Catholic Contemplative Affiliation

Sunday Readings

The following is a meditation on the liturgical readings for thenext Sunday.  The references are given so you can read them in your Bible or directly from the Roman Misal.  Direct quotes from the Readings are in bold print.  The meditation is geared toward the call to practice a contemplative form of prayer as part of a response to the full life of Christ we share within the Church. 

The Third Sunday of Easter; Cycle A, April 30, 2017

Readings: Acts of the Apostles 2.14,22-28;  1st Peter 1.17-21;  Luke 24, 13-35


Meditation on the Second Reading from 1st Peter 1.17-21


(v. 17) In prayer you call upon a Father who judges each one justly, on the basis of his actions.  Since this is so, conduct yourselves reverently during your sojourn in a strange land.


What Must We Judge?


It is not ours to judge the quality of our prayer.  Our work is to be there in silence in the intentionality of love, in the unknowing of faith and hope.  Outside of prayer, however, we must be sensitive to the quality of our words and actions.  We must be aware of the internal wanderings of the mind which seek-out fancies and delusions that are the doorway to evil action.  The fruit of our life in grace, of being hidden with Christ in God, is our actions that flow from our intentionality.  And God our Father will judge us. 


There Are Standards for Personal Judgement…At the End,It’s Mercy


The Beatitudes of the Sermon on the Mount and the Fruit of the Holy Spirit (Galatians, Chapter 5) must be the benchmarks of our conduct.  In addition, the quality of our fidelity to the Church and to our mission among people is measurable by our words, thoughts, in what we do and in what we fail to do.  Each moment of life then is greeted with reverence, bowing before the Presence in the present moment.  We cultivate sensitivity to our conduct, reverently during our sojourn.  In the end we return to God beyond judgment by wrapping ourselves in the redemption that is in Christ Jesus.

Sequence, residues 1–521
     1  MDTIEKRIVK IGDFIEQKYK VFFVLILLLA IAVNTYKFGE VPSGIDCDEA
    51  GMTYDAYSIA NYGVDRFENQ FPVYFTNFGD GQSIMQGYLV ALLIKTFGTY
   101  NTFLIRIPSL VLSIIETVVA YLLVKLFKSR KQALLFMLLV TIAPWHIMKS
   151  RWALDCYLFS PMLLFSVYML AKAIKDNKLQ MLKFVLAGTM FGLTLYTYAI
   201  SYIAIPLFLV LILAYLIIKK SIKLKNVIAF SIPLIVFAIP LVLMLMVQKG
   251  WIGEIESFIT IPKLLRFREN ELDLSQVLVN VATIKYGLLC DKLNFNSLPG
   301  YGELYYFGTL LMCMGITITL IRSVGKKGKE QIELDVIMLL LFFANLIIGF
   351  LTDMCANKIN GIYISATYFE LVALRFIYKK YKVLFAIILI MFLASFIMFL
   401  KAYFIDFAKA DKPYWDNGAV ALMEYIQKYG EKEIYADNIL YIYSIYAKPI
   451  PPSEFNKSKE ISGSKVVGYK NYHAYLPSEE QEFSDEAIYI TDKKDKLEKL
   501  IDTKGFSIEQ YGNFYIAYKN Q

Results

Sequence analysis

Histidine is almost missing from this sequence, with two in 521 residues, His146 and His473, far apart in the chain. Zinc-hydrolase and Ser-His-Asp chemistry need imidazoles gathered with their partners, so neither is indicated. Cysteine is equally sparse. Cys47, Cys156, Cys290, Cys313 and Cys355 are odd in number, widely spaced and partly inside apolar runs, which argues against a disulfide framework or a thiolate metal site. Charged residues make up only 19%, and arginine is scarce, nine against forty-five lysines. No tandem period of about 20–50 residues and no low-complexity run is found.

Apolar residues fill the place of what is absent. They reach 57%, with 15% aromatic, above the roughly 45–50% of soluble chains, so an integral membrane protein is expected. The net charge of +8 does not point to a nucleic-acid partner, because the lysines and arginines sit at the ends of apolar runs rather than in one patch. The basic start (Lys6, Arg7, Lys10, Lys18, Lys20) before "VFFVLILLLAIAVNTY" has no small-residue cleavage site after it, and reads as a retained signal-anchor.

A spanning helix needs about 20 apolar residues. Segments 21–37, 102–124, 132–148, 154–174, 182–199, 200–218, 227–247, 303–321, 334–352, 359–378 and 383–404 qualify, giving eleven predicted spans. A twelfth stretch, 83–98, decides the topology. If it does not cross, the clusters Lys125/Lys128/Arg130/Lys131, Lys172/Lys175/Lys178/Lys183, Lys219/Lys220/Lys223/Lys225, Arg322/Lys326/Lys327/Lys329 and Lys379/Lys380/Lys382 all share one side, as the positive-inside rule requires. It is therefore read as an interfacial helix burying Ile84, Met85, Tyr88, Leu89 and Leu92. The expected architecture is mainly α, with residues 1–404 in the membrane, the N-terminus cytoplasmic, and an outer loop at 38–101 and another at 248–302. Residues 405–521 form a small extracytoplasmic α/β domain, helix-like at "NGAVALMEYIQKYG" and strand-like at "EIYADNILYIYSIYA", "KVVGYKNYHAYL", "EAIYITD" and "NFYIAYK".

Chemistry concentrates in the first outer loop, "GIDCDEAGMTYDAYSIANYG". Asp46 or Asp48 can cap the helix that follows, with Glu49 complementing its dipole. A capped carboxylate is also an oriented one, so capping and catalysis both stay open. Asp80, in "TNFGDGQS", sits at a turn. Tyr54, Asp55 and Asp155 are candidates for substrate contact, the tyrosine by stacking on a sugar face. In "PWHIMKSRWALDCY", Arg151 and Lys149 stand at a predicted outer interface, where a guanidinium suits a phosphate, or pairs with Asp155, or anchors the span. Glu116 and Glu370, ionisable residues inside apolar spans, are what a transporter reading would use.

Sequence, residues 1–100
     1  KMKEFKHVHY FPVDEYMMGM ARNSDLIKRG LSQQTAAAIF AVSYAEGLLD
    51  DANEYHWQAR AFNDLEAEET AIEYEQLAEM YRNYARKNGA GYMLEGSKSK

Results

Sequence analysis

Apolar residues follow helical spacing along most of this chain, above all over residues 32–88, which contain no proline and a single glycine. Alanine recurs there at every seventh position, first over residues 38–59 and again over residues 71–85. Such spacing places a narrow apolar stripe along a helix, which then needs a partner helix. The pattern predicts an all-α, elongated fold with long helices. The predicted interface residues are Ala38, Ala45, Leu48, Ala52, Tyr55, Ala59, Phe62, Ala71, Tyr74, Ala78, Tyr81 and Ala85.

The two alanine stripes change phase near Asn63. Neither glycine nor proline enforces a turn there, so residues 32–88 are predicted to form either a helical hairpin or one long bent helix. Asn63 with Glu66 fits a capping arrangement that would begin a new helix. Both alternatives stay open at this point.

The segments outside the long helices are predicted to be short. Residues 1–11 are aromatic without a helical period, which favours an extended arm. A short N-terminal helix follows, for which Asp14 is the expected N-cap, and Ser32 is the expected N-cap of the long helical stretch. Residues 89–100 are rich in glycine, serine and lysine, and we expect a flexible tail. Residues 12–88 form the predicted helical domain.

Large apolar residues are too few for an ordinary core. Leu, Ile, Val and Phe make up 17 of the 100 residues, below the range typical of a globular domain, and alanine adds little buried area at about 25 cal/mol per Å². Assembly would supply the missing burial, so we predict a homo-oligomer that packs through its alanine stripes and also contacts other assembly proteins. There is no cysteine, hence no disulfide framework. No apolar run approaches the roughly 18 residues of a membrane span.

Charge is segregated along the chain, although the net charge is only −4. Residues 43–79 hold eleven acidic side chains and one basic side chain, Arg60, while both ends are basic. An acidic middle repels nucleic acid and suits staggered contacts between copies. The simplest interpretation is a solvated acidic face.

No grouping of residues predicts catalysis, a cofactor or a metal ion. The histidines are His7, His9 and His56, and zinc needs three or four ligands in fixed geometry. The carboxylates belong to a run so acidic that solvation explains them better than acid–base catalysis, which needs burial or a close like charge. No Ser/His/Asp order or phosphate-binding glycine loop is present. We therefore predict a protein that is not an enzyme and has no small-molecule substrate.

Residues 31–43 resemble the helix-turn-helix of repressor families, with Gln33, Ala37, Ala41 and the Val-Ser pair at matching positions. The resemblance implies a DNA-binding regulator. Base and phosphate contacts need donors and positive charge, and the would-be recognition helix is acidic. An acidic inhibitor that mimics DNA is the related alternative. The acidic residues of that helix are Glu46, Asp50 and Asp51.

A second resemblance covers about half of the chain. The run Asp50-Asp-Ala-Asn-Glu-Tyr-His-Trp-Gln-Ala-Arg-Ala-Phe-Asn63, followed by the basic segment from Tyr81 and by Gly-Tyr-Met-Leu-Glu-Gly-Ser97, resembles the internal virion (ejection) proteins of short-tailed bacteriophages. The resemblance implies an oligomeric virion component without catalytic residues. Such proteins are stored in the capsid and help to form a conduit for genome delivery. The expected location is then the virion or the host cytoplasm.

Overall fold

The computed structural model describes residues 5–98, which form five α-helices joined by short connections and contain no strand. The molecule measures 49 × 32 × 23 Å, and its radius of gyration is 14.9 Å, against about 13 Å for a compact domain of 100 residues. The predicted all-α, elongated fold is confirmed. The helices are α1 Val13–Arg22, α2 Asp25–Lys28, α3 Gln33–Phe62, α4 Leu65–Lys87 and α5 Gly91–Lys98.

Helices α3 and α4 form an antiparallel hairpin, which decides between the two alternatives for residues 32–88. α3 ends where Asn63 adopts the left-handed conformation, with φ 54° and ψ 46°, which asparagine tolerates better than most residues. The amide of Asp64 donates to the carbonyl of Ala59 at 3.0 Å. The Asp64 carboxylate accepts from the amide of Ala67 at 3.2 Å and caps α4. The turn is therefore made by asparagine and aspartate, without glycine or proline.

(vv. 18-19) Realize that you were delivered from the futile way of life your fathers handed on to you, not by an diminishable sum of silver or gold but by Christ’s blood beyond all price:  the blood of a spotless, unblemished lamb chosen before the world’s foundation and revealed for your sake in these last days.


At the Center Point of Our Soul: Christ’s Power in Presence


At the center of our souls in grace we find Christ’s power to live the Gospel.  It is a gift brought by his sufferings and death and infused within our spiritual faculties by the Holy Spirit.  The beginning of our joy is that we realize that we are free of the emptiness of our former lives outside of Christ.  Our faith reveals a new reality:  We have been transferred into God’s kingdom.  Our deeper joy is to bear witness to this life of grace by our life of prayer and works of justice, peace and apostolate in the unity of the Church.  Our deepest joy is our abiding with the Triune God in the relationship of love within God.  Our life is anchored in Him.  We are anchored in God by our created being and infinitely more by our baptism into His Son.  It is through him that we are believers in God, the God who raised Jesus from the dead and gave him glory.  Our faith and hope, then, must become more and more centered in God.  This is the work of grace and prayer.


(vv. 20-21) He was destined before the foundation of the world but was made manifest at the end of the times for your sake.  Through him you have confidence in God, who raised him from the dead and gave him glory, so that our faith and hope are in God.


The One Thing Necessary: Resting in God


We always return to “the one thing necessary”, namely that we dwell in the Holy Trinity.  And the Son, Jesus the Christ, is within us only because of the Holy Spirit, and together with Them and through Them,  we rest in the Father.  The essence of our sharing in the divine life is pure gift; it is grace: “It is through him that you are believers in God.”  Our prayer is simple: “centered in God, through faith and hope.”


Let us be faithful to the prayer practice, sitting in silence, consenting to the presence and work of the Trinity within us. 


Pray the prayer of the heart twice a day, for a generous period of time, conscious of our communion in the Catholic Church, of our unity with the Magisterium in the love-order of Christ’s Church and our union with all Christians, for the salvation of the human family.


--William C.. Fredrickson, Obl.OSB, D.Min.

For questions, comments or other communication, please contact:
William Frederickson